Mindful of the risks involved in this kind of activity, this paper reports an attempt to develop a consensus amongst some European practitioners of EB about standards of practice and reporting in EB research. We take the work of Mertz et al. as a starting point, and seek to further develop this body of work by undertaking a transparent and rigorous consensus seeking process, utilizing the perspectives of a range of expert scholars with different disciplinary expertise, purposively selected to represent different and putatively opposing EB positions. We sought to generate, as far as possible, a set of agreed standards that are precise enough to provide concrete guidance for (a) identifying the core characteristics of EB (b) planning EB (c) conducting EB and (d) reporting EB. In what follows, we describe the process and the consensus that was reached, and we discuss the implications that we see for the on-going development of a field that is committed to these standards.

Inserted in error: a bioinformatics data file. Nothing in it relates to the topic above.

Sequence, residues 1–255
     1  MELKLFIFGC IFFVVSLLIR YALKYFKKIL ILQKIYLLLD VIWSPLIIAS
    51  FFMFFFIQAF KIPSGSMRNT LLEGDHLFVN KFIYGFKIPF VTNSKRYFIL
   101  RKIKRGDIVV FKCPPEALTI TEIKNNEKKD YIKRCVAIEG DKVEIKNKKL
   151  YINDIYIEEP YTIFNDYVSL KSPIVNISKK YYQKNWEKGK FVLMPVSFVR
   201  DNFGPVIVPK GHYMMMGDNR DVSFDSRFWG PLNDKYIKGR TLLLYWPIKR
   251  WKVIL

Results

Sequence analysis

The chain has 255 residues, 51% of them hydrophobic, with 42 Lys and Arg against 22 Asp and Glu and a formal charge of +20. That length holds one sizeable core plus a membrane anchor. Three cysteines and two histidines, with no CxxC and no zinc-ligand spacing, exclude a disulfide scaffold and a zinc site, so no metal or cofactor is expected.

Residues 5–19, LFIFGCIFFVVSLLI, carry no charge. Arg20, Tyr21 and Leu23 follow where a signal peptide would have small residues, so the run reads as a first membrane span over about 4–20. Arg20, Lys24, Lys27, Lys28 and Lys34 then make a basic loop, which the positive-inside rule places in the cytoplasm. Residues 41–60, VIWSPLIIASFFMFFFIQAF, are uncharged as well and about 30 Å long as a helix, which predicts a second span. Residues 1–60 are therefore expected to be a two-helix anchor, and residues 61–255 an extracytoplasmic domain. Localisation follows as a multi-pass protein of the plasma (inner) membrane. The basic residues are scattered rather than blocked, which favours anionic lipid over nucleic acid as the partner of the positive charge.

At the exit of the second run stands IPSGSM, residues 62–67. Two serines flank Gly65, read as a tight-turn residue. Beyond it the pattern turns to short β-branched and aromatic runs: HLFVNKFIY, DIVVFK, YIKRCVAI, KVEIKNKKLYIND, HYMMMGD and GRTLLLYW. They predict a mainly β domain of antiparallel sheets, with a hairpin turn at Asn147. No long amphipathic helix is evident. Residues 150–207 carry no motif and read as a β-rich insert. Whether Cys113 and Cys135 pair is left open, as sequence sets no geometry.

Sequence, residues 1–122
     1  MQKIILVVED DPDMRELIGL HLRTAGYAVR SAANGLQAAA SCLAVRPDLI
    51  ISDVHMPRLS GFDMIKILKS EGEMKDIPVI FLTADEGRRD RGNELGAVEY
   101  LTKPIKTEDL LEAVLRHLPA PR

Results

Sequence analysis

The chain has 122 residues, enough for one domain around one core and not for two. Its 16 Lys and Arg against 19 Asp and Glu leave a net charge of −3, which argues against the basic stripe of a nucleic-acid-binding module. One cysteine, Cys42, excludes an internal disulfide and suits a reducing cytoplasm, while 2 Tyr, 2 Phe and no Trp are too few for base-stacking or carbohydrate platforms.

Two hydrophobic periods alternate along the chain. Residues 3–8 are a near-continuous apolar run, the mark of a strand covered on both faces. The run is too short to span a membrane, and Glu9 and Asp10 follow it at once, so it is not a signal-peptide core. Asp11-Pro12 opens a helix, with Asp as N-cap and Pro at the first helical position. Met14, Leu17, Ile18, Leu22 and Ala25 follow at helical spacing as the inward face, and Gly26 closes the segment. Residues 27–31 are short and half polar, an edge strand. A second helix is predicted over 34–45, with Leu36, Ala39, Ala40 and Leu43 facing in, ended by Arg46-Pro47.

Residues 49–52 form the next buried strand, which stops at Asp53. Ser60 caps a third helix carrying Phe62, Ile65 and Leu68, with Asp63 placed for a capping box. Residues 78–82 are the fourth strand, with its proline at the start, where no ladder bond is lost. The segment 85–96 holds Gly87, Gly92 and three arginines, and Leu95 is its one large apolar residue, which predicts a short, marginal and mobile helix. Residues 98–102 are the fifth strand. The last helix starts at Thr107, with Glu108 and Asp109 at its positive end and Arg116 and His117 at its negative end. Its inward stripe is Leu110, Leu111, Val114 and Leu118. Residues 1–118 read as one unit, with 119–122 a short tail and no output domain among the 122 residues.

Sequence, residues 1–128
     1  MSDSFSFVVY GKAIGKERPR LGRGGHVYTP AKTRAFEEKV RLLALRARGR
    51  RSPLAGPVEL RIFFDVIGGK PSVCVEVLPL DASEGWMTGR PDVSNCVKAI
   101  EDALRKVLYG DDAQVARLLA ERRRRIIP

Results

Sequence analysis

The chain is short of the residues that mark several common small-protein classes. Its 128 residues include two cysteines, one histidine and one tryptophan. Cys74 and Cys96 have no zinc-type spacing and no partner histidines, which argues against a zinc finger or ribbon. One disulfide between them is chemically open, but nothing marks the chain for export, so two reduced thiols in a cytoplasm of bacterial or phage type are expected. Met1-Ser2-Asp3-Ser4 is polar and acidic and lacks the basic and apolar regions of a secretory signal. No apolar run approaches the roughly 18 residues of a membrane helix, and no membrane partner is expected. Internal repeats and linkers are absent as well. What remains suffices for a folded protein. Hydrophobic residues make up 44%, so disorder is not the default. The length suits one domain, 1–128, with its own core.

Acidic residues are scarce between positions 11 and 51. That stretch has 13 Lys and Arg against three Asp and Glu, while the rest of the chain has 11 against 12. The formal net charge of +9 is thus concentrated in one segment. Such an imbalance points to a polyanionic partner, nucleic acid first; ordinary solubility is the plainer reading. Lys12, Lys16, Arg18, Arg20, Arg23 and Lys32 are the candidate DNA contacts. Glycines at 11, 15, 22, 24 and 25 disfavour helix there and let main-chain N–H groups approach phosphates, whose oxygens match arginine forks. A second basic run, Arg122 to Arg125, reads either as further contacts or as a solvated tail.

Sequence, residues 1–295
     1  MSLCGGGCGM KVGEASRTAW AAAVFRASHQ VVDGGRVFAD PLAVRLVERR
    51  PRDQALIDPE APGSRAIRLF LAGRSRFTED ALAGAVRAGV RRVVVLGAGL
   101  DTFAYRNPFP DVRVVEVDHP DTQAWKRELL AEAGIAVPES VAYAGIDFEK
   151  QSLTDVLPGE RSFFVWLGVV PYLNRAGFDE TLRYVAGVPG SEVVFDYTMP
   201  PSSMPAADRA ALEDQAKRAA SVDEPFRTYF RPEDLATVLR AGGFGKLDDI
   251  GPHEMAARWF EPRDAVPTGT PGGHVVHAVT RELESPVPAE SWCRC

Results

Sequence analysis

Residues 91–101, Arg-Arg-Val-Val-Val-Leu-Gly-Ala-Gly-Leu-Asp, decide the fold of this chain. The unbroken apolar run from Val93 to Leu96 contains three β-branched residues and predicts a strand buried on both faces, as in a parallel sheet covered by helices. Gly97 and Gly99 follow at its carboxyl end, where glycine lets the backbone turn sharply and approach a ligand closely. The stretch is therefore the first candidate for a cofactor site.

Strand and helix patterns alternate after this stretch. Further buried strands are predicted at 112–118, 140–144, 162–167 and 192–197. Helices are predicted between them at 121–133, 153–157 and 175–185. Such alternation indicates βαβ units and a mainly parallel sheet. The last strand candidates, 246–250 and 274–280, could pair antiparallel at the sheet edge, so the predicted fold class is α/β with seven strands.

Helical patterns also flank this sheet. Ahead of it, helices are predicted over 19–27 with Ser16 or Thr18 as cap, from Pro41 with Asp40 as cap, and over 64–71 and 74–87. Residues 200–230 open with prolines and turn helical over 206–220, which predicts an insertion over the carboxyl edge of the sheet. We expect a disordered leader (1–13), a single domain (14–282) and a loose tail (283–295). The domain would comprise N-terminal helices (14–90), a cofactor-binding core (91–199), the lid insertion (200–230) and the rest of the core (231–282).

Methods and results
The lead authors of this paper (JI, MD, BM, JS) applied for funding from the Brocher Foundation to hold a 2.5 day meeting (May 2015) in which an attempt would be made to generate standards of practice and reach consensus. We utilised an adapted Delphi process, which is a recognised and well established technique for reaching consensus and is amenable to modification to suit specific aims . The Delphi method, broadly speaking, is a structured consensus finding process, which typically involves administering questionnaires to expert participants in an iterative series of rounds. After each round, feedback is provided to participants that summarizes the views of the group, suggests a common position, and then seeks further input. According to Hsu & Sandford .
“The feedback process allows and encourages the selected Delphi participants to reassess their initial judgments about the information provided in previous iterations. Thus, in a Delphi study, the results of previous iterations regarding specific statements and/or items can change or be modified by individual panel members in later iterations based on their ability to review and assess the comments and feedback provided by the other Delphi panelists.” (p2).